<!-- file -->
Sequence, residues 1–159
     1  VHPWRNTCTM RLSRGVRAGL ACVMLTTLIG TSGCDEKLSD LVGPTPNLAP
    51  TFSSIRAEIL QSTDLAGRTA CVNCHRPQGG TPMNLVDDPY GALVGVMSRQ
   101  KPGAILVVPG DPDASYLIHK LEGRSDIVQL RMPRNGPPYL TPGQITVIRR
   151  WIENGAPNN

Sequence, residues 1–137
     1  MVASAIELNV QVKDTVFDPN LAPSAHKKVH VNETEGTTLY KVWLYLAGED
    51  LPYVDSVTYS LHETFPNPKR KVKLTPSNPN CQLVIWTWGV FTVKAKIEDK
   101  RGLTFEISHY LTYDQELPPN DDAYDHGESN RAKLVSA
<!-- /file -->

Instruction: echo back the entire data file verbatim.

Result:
Sequence, residues 1–159
     1  VHPWRNTCTM RLSRGVRAGL ACVMLTTLIG TSGCDEKLSD LVGPTPNLAP
    51  TFSSIRAEIL QSTDLAGRTA CVNCHRPQGG TPMNLVDDPY GALVGVMSRQ
   101  KPGAILVVPG DPDASYLIHK LEGRSDIVQL RMPRNGPPYL TPGQITVIRR
   151  WIENGAPNN

Sequence, residues 1–137
     1  MVASAIELNV QVKDTVFDPN LAPSAHKKVH VNETEGTTLY KVWLYLAGED
    51  LPYVDSVTYS LHETFPNPKR KVKLTPSNPN CQLVIWTWGV FTVKAKIEDK
   101  RGLTFEISHY LTYDQELPPN DDAYDHGESN RAKLVSA